Challenge of Toledo
IT has been said that anyone who has only one day to spend in Spain should spend it in Toledo. However. that is not to say that travellers in Castile should limit themselves to a single day in the Imperial City. They should make it their holiday centre from which they can visit surrounding places of interest.
Not that there will ever come a time when the visitor can safely compliment himself on having "done" Toledo, and seen everything: Toledo never bores. I spent a month there last August, never leaving the confines of the city—yet I know that there are monuments and historical buildings (a single one of which would be the crowning glory of most cities) which I did not sec.
How sorry I feel for the thoughtless thousands I saw every day swarming off the bus from Madrid, rushing to the cathedral. the Alcazar and back again to Madrid.
It is very doubtful whether the atmosphere of Toledo's ancient streets and friendly inhabitants rubbed off onto them at all. For this to happen, one should spend a minimum of a week, and preferably longer, actually living in the city— meeting the Toledanos, exploring the narrow covered alleys ("cobertizos") in the moonlight, taking a leisurely glass of r " ngria" (a refreshing mixture o lemonade, wine and fruits) iithe bars, Which are almost as numerous as the churches. (Toledo is a paradise for Catholics who also happen to be historically onientated!) Toledo was the capital of Spain until Philip II became tired of feeling surrounded by so many powerful denies and Moved his court to Madrid. So many buildings of historic importance to the nation are contained within its walls that the whole city has been declared a National Monument, No new buildings over a certain height or otherwise likely to adversely affect the character of the city are permitted. and for all motor cars that squeeze through Toledo's tor tuous streets, and other signs of 20th century progress, the city still retains a certain silence, and often appears as it must have when Cervantes was writing in his house near the Plaza de Zocodover. It is situated on a rock and bounded on all but the north side by the River Tagus. This excellent natural defence was the reason the Romans thought it so important to their conquest of Spain.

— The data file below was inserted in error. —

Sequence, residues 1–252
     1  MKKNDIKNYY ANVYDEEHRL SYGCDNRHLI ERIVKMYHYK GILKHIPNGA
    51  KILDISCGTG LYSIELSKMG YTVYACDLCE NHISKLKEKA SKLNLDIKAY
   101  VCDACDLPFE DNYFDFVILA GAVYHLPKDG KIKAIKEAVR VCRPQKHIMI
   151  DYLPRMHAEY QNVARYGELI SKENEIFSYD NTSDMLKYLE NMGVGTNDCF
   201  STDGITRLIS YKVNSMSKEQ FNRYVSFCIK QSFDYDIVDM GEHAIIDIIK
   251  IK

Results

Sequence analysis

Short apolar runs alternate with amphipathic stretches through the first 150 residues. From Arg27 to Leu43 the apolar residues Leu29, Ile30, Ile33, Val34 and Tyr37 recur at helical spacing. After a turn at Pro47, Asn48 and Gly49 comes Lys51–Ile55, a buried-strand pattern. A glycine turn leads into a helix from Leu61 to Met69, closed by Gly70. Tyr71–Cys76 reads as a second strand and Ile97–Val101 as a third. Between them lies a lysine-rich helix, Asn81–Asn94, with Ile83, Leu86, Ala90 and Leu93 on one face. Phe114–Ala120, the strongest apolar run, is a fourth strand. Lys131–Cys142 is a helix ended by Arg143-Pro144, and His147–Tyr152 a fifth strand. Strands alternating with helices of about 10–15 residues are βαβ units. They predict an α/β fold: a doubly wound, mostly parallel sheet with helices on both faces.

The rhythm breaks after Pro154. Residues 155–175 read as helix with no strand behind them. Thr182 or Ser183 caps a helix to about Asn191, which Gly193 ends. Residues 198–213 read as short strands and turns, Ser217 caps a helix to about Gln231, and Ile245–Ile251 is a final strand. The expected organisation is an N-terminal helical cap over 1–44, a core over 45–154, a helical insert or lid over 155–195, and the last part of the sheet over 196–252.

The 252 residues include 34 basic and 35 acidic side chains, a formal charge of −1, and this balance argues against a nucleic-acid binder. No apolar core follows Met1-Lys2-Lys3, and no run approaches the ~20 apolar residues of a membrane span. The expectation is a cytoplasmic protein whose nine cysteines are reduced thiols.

They captured what they called "Toletum" in the year 193 B.C. In the middle of the sixth century King Leovigild made it the capital of Spain. The Moors took the city in 712 A.D. and ruled it until, their counsels divided and the Jews rising against oppression, Alfonso VI found capturing the city an easy task in 1085.
For a century and a half there was "hbertad de cultos" when Christians, Jews and Arabs were allowed to intermarry and live in peaceful harmony. However this was altered in 1226, when Saint Ferdinand pulled down the Mosque and began the building of the finest of Spain's cathednals in French Gothic style.
The construction was destined to go on for nearly three centuries. A very interesting Mass according to the Mozarabic Rite is said in the sidechapel daily at ten o'clock. The "Miisa Mozarabe" is said only in this cathedral and dates from the times when the Arabs ruled Toledo, but permitted the Christians their rituals.
After the 15th century, the political importance of the city declined, although the Alcazar (fortress) has been sacked many a time by Toledo's conquerors.
During the civil war, the nationalist forces and most of the inhabitants took refuge inside the Alcizar and withstood a 70-day siege. During the siege, the commander of the republican militia telephoned General MoscardO (how typically Spanish for the telephone wire to be intact while most of the building lay in ruins) to inform him that if he did not surrender, his son, Luis, would be shot.
To make the threat more actual, Luis was brought to the telephone to speak with his father. "You must prepare yourself to die, son," said the General. Luis replied: "Yes, father, I will." Then he was taken and shot.
This heroic sacrifice aroused much sympathy and General Franco, instead of marching on to Madrid—which he would have almost certainly captured immediately — decided instead to relieve Toledo. The Alcazar is still in the process of reconstruction as a monument to the dead in the civil war.
No one could write about Toledo without at least touching on El Greco, the famous painter who elected to uproot himself from his native Crete and spend his life in the city where most of his paintings are retained.
In fact, in Toledo, the work of Domenico TheotocOpuli (his real name), seems to pervade everywhere: in the cathedral, the Hospital de Tavera, in various of the 103 churches, and not least in the "Casa del Greco."
Just as Spain has been a mixing-bowl for the civilizations of the East, Africa and Europe, so Toledo reflects the principal elements in the country's diverse history,